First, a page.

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What I learned in TBO2

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  • What I learned in TBO2

    Hello everyone. Upon reflecting on my experiences in TBO2, I thought I'd share a few of my observations and general thoughts regarding the event...

    1. The level of play was outstanding. We all took a few bad beats and even gave a few bad beats. It happens. A year ago, I would have thought some of the moves I saw in TBO2 were bad beats. I now understand them to be part of no-limit hold'em. Example: Hukilau went all-in from middle position with $17k. I was in the SB with 99 and about $100k. At this point of the tourney, people were stealing blinds at least 8 out of every 10 hands. I called, he showed KK, I caught a 9. Sorry Hukilau. But, like I said, that stuff happens to all of us. I was called all-in by 55 and got busted at the final table. Oh well, it happens.

    2. I've been reading a lot about how NLHE is all about playing your position effectively. This could not be more true. About midway through the game, I began to build my stack not by showing down the best hands, but by only getting involved when I had position on shorter stacks. I was dumping hands as good as QK suited when I was out of position against bigger stacks that open-raised me. If they didn't raise me, I pushed all-in. Otherwise, I'd fold (even to just a single bet).

    3. As far as I can tell, I only made one monumental mistake. I made a pot-sized raise with AQ, was re-raised by the BB (he went all-in, about half my remaining stack) and I called. He showed down AA and I went from $130k to around $30k with only 40 people left. I definitely should have folded after the reraise, considering I was only 20 players from being in the money.

    4. All it takes is a 'chip and a chair'. After the restart, I was down to $24K with 40 players left. Using some of Sklansky's strategy (from Tournament Poker for Advanced Players), I got aggressive for the next couple of hands. I had to, I would have been blinded out. Once I built up a stack of around $100k, I went back to my conservative, positional strategy.

    5. No matter what you do, some one is going to get ticked off. I don't understand why SanRamonSlim had a problem with my play. He made some comments as he was getting busted out regarding my play, as if I were a maniac or something. I strongly believe I was playing very sound tournament strategy. I hope he comes to realize that someday as it will make him a better player.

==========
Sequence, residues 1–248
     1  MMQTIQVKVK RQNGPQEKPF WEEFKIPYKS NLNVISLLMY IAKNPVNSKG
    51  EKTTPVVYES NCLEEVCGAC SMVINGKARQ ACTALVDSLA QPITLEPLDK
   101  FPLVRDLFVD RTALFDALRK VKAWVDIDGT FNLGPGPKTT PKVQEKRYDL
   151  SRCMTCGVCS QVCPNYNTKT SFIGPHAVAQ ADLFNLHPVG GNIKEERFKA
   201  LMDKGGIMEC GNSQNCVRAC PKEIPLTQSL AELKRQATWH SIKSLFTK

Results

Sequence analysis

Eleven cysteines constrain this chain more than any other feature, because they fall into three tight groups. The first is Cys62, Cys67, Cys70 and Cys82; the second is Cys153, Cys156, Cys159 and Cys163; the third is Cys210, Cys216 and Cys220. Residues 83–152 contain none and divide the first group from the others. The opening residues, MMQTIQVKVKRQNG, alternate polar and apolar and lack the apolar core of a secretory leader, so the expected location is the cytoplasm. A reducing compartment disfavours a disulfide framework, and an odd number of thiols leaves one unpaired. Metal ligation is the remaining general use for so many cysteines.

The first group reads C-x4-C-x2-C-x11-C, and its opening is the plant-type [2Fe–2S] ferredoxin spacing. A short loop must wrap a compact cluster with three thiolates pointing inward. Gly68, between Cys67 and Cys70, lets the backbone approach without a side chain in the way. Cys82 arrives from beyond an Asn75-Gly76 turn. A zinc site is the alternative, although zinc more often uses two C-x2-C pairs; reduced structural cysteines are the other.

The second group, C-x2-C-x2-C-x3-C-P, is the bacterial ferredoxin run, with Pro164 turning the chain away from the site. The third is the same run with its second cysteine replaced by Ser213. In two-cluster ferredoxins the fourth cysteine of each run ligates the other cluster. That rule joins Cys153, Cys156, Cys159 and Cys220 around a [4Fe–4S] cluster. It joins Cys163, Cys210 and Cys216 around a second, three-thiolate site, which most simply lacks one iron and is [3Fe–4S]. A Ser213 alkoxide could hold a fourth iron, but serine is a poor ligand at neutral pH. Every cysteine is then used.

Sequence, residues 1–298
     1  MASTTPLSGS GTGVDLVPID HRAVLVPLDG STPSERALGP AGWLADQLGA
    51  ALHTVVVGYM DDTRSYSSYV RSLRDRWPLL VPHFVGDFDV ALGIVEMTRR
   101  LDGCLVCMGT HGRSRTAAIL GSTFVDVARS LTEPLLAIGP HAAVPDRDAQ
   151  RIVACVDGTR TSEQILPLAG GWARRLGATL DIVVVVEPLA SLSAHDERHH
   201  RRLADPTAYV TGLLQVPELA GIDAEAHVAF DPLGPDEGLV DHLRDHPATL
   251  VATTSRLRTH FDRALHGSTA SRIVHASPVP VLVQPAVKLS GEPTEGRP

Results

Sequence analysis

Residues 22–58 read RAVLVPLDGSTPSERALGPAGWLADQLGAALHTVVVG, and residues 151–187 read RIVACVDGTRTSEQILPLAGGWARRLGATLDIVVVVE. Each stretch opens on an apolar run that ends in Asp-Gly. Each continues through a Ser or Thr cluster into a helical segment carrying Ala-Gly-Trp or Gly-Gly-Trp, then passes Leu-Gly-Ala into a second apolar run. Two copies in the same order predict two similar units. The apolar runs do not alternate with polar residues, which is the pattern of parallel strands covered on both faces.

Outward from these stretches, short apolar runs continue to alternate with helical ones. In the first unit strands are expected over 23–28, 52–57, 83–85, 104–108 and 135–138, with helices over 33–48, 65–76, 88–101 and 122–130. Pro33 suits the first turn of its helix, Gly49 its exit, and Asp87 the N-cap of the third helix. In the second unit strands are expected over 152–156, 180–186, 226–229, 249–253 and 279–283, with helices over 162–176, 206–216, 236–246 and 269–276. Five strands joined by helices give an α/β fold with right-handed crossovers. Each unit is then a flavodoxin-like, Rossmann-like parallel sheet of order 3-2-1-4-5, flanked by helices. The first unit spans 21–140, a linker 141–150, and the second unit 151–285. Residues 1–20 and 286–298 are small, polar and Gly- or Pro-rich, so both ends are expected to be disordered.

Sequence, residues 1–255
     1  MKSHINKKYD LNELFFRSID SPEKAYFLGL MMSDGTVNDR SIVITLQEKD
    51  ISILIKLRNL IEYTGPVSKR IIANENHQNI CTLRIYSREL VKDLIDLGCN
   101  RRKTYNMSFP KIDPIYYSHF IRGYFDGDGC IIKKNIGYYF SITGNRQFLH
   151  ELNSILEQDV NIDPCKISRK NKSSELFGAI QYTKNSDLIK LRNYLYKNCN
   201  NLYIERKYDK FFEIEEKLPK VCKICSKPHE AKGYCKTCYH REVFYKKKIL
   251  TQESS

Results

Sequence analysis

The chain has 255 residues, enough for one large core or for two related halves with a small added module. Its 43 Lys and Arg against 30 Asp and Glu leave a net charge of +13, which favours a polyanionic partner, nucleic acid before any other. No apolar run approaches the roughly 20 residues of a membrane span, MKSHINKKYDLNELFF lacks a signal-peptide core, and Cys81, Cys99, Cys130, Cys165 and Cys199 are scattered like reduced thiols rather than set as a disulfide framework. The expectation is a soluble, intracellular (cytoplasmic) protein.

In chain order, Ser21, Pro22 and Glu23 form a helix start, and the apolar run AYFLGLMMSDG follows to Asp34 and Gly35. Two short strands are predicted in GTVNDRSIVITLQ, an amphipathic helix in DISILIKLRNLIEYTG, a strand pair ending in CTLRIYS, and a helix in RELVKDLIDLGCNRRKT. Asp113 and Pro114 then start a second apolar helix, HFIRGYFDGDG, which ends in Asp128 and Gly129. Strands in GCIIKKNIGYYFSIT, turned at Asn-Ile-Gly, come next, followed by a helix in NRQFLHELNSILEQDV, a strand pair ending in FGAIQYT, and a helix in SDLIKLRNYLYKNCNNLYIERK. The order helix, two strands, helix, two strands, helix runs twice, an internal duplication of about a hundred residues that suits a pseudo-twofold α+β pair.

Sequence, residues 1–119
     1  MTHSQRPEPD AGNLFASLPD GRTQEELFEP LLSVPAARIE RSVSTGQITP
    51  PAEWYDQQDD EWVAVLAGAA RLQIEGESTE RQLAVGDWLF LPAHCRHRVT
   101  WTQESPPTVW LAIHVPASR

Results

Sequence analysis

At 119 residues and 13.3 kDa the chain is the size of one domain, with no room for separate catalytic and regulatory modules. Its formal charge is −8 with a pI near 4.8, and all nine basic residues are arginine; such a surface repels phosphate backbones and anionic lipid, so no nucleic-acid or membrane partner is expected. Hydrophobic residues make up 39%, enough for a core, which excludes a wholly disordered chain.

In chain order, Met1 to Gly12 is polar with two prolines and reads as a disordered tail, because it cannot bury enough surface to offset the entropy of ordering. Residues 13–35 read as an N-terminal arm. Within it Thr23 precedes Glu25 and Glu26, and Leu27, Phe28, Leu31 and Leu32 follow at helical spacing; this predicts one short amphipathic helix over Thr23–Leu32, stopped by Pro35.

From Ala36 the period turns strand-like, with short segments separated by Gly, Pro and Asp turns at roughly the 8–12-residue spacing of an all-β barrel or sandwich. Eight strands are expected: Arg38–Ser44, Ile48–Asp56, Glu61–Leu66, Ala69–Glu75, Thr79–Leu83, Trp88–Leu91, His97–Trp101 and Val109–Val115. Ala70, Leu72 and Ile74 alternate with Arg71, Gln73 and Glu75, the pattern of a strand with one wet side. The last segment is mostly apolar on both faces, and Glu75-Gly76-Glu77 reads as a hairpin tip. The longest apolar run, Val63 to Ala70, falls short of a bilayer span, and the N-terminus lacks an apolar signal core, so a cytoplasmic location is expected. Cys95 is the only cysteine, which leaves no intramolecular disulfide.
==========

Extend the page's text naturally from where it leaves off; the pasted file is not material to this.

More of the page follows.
Finally, congratulations to everyone!!! It was a great tournament. I learned so much from the 9+ hours of play. TomHawk played a great game. Sure, he busted me out at the final table with 55, calling my all-in, which would have crippled him had he lost the hand. But, like I said, that's poker. Maybe he's playing a strategy I'm not good enough to understand yet. Or, maybe he just got very lucky. Regardless, he did win and he deserves our deepest congratulations. Way to go Tom!

    Sorry for the long post. I hope those of you that played in the tournament take the time to share your experiences and what you may have learned by responding to this post.

    Thanks!

    Andrew

  • #2
    8)

    Welcome to the circle of winners,

    Your tournament finish and your game analysis from this post.

    A few things you brought up:
    a. Play position strong, be careful if you are re-raised.
    b. If they let you run over the table, their fault.
    c. Pick fights with small stacks.
    d. Only match up with big guys when you have the goods.
    e. Remember to change gears.

    Seems like I've heard that before. Oh, yeah, Champions use that as their mantra. I guest you're on your way.

    Play well when you use your sponsor points.
    f. Remember this is a game, some luck will be had by all. I hope yours is at the opportune times.

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